The Pentagon on Tuesday confirmed the first two National Advanced Surface-to-Air Missile Systems (NASAMS) have been delivered to Ukraine and are operational.

“These systems will contribute to Ukraine’s air defense capabilities and will help protect the Ukrainian people against Russian aerial attacks, to include those conducted by unmanned aerial vehicles or cruise missiles,” Air Force Brig Gen. Pat Ryder, the Pentagon press secretary, told reporters during a briefing.

NASAMS Live Fire Exercise
Photo: Raytheon

Oleksii Reznikov, Ukraine’s minister of defense, first announced on Monday that the NASAMS had arrived along with Aspide air defense systems from Spain. 

“Look who’s here! NASAMS and Aspide air defense systems arrived in Ukraine! These weapons will significantly strengthen [the Ukrainian Army] and will make our skies safer. We will continue to shoot down the enemy targets attacking us. Thank you to our partners: Norway, Spain and the U.S.,” Reznikov wrote in a social media post

The NASAMS air defense system is jointly developed by Raytheon Technologies [RTX] and Norway’s Kongsberg, and brings together Raytheon’s Sentinel radar and Advanced Medium Range Air-to-Air Missiles (AMRAAM) with Kongsberg’s Fire Distribution Center. 

The two NASAMS were included as part of an $820 million security assistance package the U.S. approved in early July, with the systems to be procured with Ukraine Security Assistance Initiative (USAI) funds (Defense Daily, July 1). 

In late August, Raytheon was awarded a $182.3 million contract to supply the two NASAMS units for Ukraine (Defense Daily, Aug. 29). 

“Raytheon Missiles & Defense and our partners are working diligently to quickly deliver this critical, proven air defense capability to help the Ukrainian people defend their homeland,” Tom LaLiberty, president of Raytheon Missile & Defense’s land warfare and air defense business area, said in a statement at the time. “Ukraine will join a dozen nations around the globe who rely on NASAMS to defeat a multitude of threats, including cruise missiles, aircraft, and unmanned systems.”

Ryder said the AMRAAM missiles for the NASAMS are supplied “from a variety of sources, to include U.S. stocks and those of various allies and partners,” while he declined to offer specifics on how Ukraine may employ the systems and the kinds of ranges the weapons can reach on the battlefield.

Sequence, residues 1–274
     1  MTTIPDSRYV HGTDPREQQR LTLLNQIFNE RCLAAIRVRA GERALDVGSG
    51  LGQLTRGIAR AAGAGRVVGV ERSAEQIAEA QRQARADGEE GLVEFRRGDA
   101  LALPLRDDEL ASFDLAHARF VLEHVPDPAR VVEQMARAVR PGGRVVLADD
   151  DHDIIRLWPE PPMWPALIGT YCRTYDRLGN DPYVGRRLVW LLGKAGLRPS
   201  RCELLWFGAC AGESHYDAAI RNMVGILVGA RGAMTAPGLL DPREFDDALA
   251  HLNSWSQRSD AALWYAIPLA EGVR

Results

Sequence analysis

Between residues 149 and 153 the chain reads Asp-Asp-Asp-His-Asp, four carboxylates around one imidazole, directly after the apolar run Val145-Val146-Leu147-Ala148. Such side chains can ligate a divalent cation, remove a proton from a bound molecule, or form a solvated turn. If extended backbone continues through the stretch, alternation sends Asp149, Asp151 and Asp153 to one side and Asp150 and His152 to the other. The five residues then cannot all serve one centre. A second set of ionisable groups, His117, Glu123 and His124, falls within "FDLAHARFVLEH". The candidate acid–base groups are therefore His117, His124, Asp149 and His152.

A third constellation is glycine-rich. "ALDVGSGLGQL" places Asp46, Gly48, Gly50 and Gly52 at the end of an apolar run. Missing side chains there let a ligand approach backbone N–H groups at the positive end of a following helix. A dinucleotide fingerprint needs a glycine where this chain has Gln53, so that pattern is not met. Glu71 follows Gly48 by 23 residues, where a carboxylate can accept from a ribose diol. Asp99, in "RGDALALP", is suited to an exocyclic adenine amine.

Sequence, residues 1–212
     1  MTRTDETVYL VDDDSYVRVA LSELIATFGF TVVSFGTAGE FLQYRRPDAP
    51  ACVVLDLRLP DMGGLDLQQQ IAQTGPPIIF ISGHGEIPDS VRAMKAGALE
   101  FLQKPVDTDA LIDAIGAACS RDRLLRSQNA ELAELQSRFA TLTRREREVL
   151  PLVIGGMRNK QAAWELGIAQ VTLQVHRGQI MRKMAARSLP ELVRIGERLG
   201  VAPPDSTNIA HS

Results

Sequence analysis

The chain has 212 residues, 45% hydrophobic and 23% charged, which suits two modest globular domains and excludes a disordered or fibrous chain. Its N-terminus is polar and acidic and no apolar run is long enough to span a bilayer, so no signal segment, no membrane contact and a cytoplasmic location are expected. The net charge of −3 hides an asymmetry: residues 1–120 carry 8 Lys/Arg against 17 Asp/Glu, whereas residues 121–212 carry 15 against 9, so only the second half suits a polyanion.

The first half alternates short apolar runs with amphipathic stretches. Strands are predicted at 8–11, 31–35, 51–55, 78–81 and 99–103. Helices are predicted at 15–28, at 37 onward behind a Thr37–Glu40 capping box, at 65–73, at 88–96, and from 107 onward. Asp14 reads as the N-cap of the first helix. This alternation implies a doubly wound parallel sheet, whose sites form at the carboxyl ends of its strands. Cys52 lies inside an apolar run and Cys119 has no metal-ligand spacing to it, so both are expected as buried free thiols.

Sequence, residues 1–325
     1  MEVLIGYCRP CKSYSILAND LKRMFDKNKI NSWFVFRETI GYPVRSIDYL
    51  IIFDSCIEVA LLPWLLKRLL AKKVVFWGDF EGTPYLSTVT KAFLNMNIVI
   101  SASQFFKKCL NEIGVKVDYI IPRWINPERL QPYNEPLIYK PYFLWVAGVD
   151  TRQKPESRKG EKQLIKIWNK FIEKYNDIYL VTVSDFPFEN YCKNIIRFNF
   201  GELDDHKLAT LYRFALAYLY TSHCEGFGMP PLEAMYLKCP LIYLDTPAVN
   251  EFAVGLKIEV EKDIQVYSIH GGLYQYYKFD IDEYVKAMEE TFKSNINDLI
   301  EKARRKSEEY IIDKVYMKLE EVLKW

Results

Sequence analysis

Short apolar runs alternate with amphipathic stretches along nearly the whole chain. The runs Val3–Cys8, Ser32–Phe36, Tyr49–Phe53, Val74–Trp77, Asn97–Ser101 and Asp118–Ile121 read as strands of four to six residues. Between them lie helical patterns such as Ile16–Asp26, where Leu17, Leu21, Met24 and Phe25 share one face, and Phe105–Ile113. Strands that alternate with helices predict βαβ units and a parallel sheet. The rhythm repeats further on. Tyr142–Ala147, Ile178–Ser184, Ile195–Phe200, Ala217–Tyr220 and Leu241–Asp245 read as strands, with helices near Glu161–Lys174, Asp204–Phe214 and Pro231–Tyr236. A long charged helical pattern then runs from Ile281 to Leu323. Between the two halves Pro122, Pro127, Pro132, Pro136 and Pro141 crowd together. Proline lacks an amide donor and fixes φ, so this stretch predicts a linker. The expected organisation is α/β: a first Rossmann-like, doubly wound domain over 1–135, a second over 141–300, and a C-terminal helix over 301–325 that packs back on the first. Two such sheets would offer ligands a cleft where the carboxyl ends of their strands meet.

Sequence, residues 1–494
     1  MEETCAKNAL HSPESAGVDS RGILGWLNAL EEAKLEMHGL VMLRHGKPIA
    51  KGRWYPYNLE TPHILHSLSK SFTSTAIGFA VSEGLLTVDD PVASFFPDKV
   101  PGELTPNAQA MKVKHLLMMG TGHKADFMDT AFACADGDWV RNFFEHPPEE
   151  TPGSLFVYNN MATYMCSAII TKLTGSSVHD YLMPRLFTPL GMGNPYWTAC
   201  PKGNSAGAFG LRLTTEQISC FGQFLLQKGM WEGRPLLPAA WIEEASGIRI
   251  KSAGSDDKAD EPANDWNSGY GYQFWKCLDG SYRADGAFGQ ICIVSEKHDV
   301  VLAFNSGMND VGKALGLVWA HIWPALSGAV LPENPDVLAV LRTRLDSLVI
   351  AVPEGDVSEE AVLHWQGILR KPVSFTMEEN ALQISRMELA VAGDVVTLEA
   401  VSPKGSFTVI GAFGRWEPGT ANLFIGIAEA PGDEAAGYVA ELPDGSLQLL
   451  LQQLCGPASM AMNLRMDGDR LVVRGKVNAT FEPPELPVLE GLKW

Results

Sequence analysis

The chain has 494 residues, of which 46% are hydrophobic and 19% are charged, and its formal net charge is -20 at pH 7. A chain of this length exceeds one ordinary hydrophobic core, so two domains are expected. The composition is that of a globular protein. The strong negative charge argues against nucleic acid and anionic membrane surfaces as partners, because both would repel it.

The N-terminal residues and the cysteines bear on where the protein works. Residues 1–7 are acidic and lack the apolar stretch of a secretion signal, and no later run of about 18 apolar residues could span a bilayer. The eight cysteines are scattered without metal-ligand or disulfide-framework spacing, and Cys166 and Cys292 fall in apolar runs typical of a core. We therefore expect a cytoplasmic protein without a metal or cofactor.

“I don’t want to get into those details for operations security reasons. I will say, though, that it does provide a significant air defense capability in the sense that it can protect against, as I mentioned, UAV attacks, both armed and unarmed. It can defend against helicopters, cruise missiles as well as crewed aircraft,” Ryder said. “Any air defense system is going to be complex by its very nature because you’re integrating a lot of different aspects, to include the ability to detect, the ability to respond. And so that is an area that we’ll continue to work with and consult with the Ukrainians on…how to best integrate that as they convert using some Soviet era, Soviet-type build equipment with, as you point out, with Western modern NATO systems.”

Ukrainian President Volodymyr Zelenskyy in late October reiterated his country’s request for air defense capabilities to assist in its fight against Russia’s ongoing invasion, to include calling the Patriot missile defense system an “extreme priority” (Defense Daily, Oct. 28). 

“If you would say, ‘Yes, we can give you Patriots,’ I would go myself to the U.S. for them. It’s really important for our people,” Zelenskyy said via English translation during a Yale School of Management discussion. “We have to defend our skies. If my memory serves me right, I’ve been saying that since the first days of the war. Aviation and aerial defense, this is what we lack. We need to defend our skies to defend our children. Russia can do nothing against us on land.”

A $3 billion weapons aid package the U.S approved on Aug. 24 included plans to procure six more NASAMS for Ukraine with USAI funds (Defense Daily, Aug. 24).